Thursday, May 07, 2009

PPSMI IN A LIMBO

PPSMI is heading to its early demise now. People are talking about the pros and the cons. The government is trying to persuade and convince the publics pertaining to its relevance in this time of science and technology and globalization era. Where as the Opposition doesn’t share the same view and trying to capitalize the issues for political mileage. We see lots of demos around KL lately protesting the use of English in teaching and learning Science and Math Subjects. These people are willing to go all out to the extent of making themselves heard clearly by DYMM. Ironically this was not the case when PPSMI was proposed and implemented during Tun Mahathir. Why now? Why making it a fuss after all these years? Lots of money spent and not to mention the effort made by the teachers and all educators. We are already half way reaching our goal and all of a sudden we are being forced to pack up and leave.

People were so happy and excited about it. We were excited as well! Mind you the extra 5% incentive being credited into our salary. Teachers received the much awaited “state of the art” so called teaching and learning devices namely the laptops and lcd projectors. The government had to spend nearly a billion ringgit just to make that first few small steps towards academic excellence. It was a blessing for all the teachers nationwide. All of the sudden we were showered with devices which we would never dreamt of owning what more to buy them?? It was expensive buying a laptop during those days. The cheapest would cost around RM4500. But now it becomes a toy. Ironically I don’t own a laptop myself . I was one of the lucky teachers given the opportunity to use the devices. And I got a MAC IBOOK G4 and boy it was durable. Been using it for more than 6 years now and it is still in good shape except for the LCD Projector which is not working maybe due to the Bulb which has reached its life expectancy. 5% incentive is not much compared to 10% received by non graduate teachers but it was enough to lend us some sort of support in sustaining our monthly needs. Well, we were not let off the hook so easily. It comes with a price and its not for free. English teachers like us were given the task to supervise math and science teachers to build their confidence in using English in their lessons. Besides that we were also instructed to give courses and support groups call “Buddy Support Group” Well there is no such thing as free meal! Still the money is good. Throughout the implementation since its inception we heard grouses from the teachers. They had a hard time to get use themselves with the new environment. Though not all but quite a number of the teachers failed miserably in the process. E-TEMS were introduced to train them. Lots of money spent but the results were bad. Teachers having mental block unable to follow the course. Their motivations were somehow gradually failing on them and they turned to teaching in Bahasa Melayu. Last year, PPSMI teachers went for an assessment test/ The test was more or less similar to MUET examination format testing their 4 skills and I was one of the examiners who were given the task to supervise a group of examiners in my district. We were utterly shocked by the encounter. Just imagine, majority of them unable to speak with grammatically correct English. Worst still quite a number if them could only speak at phrase level. I don’t have the stats. Only the Ministry has it and they should know by now the level of proficiency among the PPSMI teachers in Malaysia. Based from the feedback from other examiners they also did poorly in written test. So this is the real situation suffered by PPSMI teachers. Maybe based on these feedbacks the GMP is harping on this issue to end PPSMI for good .As for me PPSMI is not that bad after all. It is a fact English is the common language used worldwide. Many parents see its benefit. It is just that many people are just reluctant to see its importance or plain ignorance or they are having personal agendas.I do not know. One should master the language in order to capitalise knowledge and information . Many parents want it to continue too. Malaysians need to move forward as knowledge society. PPSMI should be continued but of course the Education Ministry must try to look into the real problem affecting the implementation of PPSMI. My suggestion is gearing up the teachers themselves is the best possible solution in order to make PPSMI a success. Lavishing them with laptops is not important but the change of mindset is. Gudluck MOE!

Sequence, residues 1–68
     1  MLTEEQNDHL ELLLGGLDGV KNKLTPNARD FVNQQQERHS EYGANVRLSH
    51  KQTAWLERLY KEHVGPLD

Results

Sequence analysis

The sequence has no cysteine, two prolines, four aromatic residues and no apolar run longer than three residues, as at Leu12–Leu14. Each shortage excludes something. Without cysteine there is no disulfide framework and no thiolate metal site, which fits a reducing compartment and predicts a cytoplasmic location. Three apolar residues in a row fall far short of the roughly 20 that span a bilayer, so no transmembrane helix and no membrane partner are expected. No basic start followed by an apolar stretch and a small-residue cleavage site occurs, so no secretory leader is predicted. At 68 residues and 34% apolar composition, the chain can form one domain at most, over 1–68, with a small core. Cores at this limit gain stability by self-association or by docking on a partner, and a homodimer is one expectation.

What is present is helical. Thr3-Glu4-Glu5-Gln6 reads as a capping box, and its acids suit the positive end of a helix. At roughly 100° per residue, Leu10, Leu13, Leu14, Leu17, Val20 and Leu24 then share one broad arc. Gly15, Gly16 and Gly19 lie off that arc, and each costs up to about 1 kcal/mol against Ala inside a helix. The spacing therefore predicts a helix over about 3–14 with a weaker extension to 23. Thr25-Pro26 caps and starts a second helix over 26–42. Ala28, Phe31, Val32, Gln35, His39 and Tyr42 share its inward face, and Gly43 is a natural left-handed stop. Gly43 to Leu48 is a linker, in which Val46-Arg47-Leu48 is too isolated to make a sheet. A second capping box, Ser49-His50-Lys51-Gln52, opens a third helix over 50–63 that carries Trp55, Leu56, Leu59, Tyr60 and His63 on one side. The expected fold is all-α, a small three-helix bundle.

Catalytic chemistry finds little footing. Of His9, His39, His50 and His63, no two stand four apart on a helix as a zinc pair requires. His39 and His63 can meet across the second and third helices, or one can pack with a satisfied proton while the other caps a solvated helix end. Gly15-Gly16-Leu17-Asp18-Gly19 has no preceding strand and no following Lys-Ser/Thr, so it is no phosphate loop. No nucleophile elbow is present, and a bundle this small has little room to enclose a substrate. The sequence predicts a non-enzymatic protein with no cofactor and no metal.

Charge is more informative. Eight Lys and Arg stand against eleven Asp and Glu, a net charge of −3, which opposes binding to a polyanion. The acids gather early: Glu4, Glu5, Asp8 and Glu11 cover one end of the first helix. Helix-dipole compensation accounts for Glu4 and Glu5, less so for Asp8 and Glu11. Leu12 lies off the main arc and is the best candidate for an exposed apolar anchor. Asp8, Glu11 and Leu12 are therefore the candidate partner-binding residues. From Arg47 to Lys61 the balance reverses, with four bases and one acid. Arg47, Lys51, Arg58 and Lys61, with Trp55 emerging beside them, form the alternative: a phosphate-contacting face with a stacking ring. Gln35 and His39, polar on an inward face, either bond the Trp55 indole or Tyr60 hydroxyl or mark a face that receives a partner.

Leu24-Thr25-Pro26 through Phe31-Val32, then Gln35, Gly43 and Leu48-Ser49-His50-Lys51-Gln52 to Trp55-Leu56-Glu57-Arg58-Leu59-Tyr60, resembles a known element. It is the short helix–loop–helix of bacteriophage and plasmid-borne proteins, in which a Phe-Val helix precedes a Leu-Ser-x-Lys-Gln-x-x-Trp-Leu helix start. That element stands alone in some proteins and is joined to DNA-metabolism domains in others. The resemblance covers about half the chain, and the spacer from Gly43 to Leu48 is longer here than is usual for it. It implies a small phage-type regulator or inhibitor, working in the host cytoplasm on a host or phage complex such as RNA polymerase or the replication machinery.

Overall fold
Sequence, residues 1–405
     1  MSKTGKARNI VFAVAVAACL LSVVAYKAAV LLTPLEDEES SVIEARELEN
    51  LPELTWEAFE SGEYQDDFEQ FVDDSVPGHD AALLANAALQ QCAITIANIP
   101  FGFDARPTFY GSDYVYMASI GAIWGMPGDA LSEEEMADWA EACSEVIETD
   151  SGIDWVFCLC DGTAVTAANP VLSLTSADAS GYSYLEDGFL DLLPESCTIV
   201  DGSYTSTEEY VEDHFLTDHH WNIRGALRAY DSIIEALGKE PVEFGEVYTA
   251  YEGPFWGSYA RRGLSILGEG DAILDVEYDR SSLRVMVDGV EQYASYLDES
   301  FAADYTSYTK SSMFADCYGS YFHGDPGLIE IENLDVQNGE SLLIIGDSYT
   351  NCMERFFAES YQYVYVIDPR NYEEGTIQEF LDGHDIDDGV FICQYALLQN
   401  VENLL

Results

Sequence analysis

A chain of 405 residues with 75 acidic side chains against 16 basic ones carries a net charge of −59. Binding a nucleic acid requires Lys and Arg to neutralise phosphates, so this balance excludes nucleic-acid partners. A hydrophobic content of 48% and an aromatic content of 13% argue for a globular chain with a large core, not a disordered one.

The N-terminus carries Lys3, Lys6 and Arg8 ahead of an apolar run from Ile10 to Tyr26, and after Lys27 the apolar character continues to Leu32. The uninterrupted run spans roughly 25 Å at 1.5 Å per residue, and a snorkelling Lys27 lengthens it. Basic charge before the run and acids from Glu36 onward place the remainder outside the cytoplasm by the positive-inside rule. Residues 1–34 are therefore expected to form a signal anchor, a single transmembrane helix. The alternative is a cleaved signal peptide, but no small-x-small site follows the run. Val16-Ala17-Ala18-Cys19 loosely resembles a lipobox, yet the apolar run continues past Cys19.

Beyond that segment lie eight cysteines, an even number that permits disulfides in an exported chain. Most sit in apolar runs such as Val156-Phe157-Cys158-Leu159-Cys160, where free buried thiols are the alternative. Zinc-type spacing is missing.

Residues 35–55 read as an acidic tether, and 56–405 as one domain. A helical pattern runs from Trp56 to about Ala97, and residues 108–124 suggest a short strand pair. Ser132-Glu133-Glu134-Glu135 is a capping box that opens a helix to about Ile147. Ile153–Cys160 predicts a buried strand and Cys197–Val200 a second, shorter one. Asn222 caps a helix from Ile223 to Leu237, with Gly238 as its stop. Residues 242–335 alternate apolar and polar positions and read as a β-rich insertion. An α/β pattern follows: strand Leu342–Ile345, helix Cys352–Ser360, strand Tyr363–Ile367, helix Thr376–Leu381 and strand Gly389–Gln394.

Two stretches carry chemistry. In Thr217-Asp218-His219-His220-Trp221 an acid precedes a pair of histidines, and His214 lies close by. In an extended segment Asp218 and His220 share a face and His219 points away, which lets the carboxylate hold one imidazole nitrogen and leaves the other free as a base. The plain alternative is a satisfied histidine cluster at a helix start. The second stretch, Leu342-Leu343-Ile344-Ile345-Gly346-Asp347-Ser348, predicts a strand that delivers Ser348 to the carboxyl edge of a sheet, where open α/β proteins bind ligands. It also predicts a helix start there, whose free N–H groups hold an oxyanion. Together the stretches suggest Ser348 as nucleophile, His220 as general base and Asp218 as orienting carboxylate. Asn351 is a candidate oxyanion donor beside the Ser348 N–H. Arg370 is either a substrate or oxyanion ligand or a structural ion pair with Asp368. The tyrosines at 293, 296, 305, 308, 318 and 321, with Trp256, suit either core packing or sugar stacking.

The chinese in Malaysia Part 2

Pt 2: A Very Brief History Of The Malaysian Chinese

Taken from:
http://notsleepinganymore.blogspot.com


Chinese Immigrant Society


Not many Malaysians today realise that the majority of the early Chinese immigrants to Malaya were the underclass of society then.

With no rights and no money to protect them, the Chinese immigrants were an extremely vulnerable section of society. They were not citizens and therefore it was easy to get away with abusing them or to take advantage of them, as they would get no legal recourse or protection from the government. Many of them arrived with only the clothes on their backs, having given their last copper coins or borrowed heavily to pay for passage to Malaya, so there was no way to get home if things turned sour – which it often did. It was a make or break, “get rich or die trying” choice for many of the Chinese who came to Malaya.

Chinese immigrants could be broadly divided into the educated classes and the uneducated classes. But the majority of the Chinese immigrants were from the uneducated classes, recruited to work mainly in the tin mines and construction sector.